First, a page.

Energy analysts at Raymond James & Associates Inc. cut their natural gas price forecast through the rest of the year on the “reasonable chance” that U.S. gas prices could fall to $5/Mcf or lower over the next two months because of bloated storage levels.

Raymond James’ J. Marshall Adkins and his team lowered their 2007 gas price forecast for the second time in less than a month (see NGI, July 9). They now forecast third quarter gas prices to fall to $6/Mcf from $6.50 (Henry Hub), with fourth quarter prices down to $6.50 from $7.50. Third quarter crude oil prices were increased to $73/bbl from $67.

Summer-ending gas storage estimates “now suggest the U.S. is trending north of 3,500 Bcf by the end of October. At this pace, gas storage would eclipse the all-time high of around 3,450 Bcf set last summer…We believe that the primary risk over the next couple of months is that U.S. gas prices will have to fall enough to discourage LNG [liquefied natural gas] imports and encourage gas well shut-ins,” the analysts said.

The normally bullish Raymond James team said it had expected declining U.S. and Canadian gas supplies to “drive a tighter summer gas market and force year-over-year gas storage levels lower. In fact, we initially thought that this summer would end with a lower than normal ending gas storage of around 3,100 Bcf…well below last summer’s all-time high of 3,461 Bcf of ending gas storage.”

However, by late June, “we realized that our initial assumptions were simply wrong.” With another month of data to review, “we now believe that the gas markets could be headed for a late summer meltdown similar to what we saw last year.” Last summer, front-month gas plunged from nearly $8/Mcf in early August to the low of $4/Mcf at the end of September.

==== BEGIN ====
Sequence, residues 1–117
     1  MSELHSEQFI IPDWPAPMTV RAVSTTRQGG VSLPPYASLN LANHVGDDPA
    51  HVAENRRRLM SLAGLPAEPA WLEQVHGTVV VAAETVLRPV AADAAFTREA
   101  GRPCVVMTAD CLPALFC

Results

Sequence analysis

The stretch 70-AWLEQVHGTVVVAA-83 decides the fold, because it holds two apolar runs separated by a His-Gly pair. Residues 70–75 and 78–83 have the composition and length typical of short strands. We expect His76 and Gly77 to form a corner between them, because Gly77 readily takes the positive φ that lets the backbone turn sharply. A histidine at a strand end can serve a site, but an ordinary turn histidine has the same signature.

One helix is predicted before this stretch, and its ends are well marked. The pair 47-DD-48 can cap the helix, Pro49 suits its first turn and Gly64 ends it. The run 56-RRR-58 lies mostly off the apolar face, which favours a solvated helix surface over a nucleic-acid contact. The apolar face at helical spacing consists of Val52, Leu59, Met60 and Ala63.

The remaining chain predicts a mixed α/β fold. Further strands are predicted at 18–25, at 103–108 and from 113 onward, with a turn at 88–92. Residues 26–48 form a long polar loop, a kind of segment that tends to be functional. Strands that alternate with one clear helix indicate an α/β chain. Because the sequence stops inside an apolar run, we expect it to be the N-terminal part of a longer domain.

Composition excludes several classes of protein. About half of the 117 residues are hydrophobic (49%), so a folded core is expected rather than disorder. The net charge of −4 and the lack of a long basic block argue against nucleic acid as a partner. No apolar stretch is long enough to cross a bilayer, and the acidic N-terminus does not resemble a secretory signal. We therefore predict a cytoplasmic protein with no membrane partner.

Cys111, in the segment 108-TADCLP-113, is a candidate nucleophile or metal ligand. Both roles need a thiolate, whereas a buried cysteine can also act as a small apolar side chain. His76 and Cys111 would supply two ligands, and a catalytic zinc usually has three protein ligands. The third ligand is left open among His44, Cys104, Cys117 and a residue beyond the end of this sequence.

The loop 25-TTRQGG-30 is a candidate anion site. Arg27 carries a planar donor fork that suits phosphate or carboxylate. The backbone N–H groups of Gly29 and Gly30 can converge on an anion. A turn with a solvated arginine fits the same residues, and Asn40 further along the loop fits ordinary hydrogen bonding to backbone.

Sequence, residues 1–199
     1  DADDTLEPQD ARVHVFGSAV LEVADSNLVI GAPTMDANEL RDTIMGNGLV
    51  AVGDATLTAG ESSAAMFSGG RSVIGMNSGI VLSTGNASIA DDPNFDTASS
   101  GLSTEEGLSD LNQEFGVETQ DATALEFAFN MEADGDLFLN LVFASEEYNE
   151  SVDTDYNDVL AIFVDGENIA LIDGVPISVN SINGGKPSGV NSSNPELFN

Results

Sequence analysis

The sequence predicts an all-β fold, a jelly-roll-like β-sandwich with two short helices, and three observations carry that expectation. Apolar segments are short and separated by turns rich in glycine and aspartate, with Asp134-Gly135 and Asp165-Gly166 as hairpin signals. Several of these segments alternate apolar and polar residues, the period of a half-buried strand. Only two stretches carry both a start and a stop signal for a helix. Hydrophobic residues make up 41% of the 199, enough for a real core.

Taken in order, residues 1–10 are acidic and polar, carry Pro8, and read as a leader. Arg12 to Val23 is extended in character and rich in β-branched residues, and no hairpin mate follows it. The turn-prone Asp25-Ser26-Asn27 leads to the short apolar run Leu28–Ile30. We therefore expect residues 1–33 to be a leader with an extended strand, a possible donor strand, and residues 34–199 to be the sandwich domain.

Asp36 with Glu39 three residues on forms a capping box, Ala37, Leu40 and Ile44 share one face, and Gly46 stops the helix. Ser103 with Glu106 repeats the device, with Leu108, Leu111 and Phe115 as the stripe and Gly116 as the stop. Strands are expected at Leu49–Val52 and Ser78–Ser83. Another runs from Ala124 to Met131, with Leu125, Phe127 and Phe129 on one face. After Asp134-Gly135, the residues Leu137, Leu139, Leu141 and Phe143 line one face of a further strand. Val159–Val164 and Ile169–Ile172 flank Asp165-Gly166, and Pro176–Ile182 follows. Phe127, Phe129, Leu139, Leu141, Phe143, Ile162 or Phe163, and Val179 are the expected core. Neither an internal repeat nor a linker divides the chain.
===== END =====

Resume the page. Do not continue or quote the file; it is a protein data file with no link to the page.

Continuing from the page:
“Our summer-ending estimates now show that storage levels are trending toward a bearish 3,500 Bcf,” Adkins wrote. “Compounding the problem is the fact that year-over-year gas storage comparisons over the coming weeks are extremely difficult due to last August’s record-setting summer temperatures. What this means is that there is a high likelihood that we see a replay of last year’s gas price collapse in the August/September time frame.”

According to the analysts, the year-over-year U.S. gas supply/demand equation “has run roughly 1.5 Bcf/d looser (i.e., more gas in the system) for the first four months of summer. As a result, we currently have nearly 180 Bcf more gas in storage than we would have thought four months ago.

“Although imports from Canada have declined and liquids stripping volumes have increased over the summer, these trends have not been enough to offset the very bearish impacts from surprising upticks in U.S. supply, LNG imports, and to a smaller extent, lower exports to Mexico. Our initial estimate for summer-ending storage (3,100 Bcf) looks like a far-flung possibility.”

Based on Energy Information Administration data and gas storage injections, “we now believe that stronger than expected productivity from the rapidly growing onshore resource plays (i.e., Barnett Shale, etc.) has temporarily overcome the declining initial well productivity of core U.S. supply.”

However, based on recent pipeline throughput data and longer-term declining initial productivity per-well trends over the past decade, the analysts expect the gas supply growth to moderate.

“The net result, which we believe will become evident in 2008, is that a minor increase in drilling activity will be unable to replace the overall decline in U.S. gas production. In the short term, however, the trend shows that U.S. supply is likely the biggest factor behind the supply glut this summer.”

Since April, LNG imports have averaged about 1.1 Bcf/d higher on a year-over-year basis, which is above Raymond James’ initial expectations for average April-June year-over-year LNG import volumes of 0.8 Bcf/d. However, the analysts said lower U.S. gas prices should discourage an excess of LNG shipments going forward.

Also, given the sharp decline in Canadian drilling activity and continued increase in gas demand from the oilsands sector, the Raymond James analysts also expect Canadian gas exports to continue to decline to about 1 Bcf/d lower than last year.

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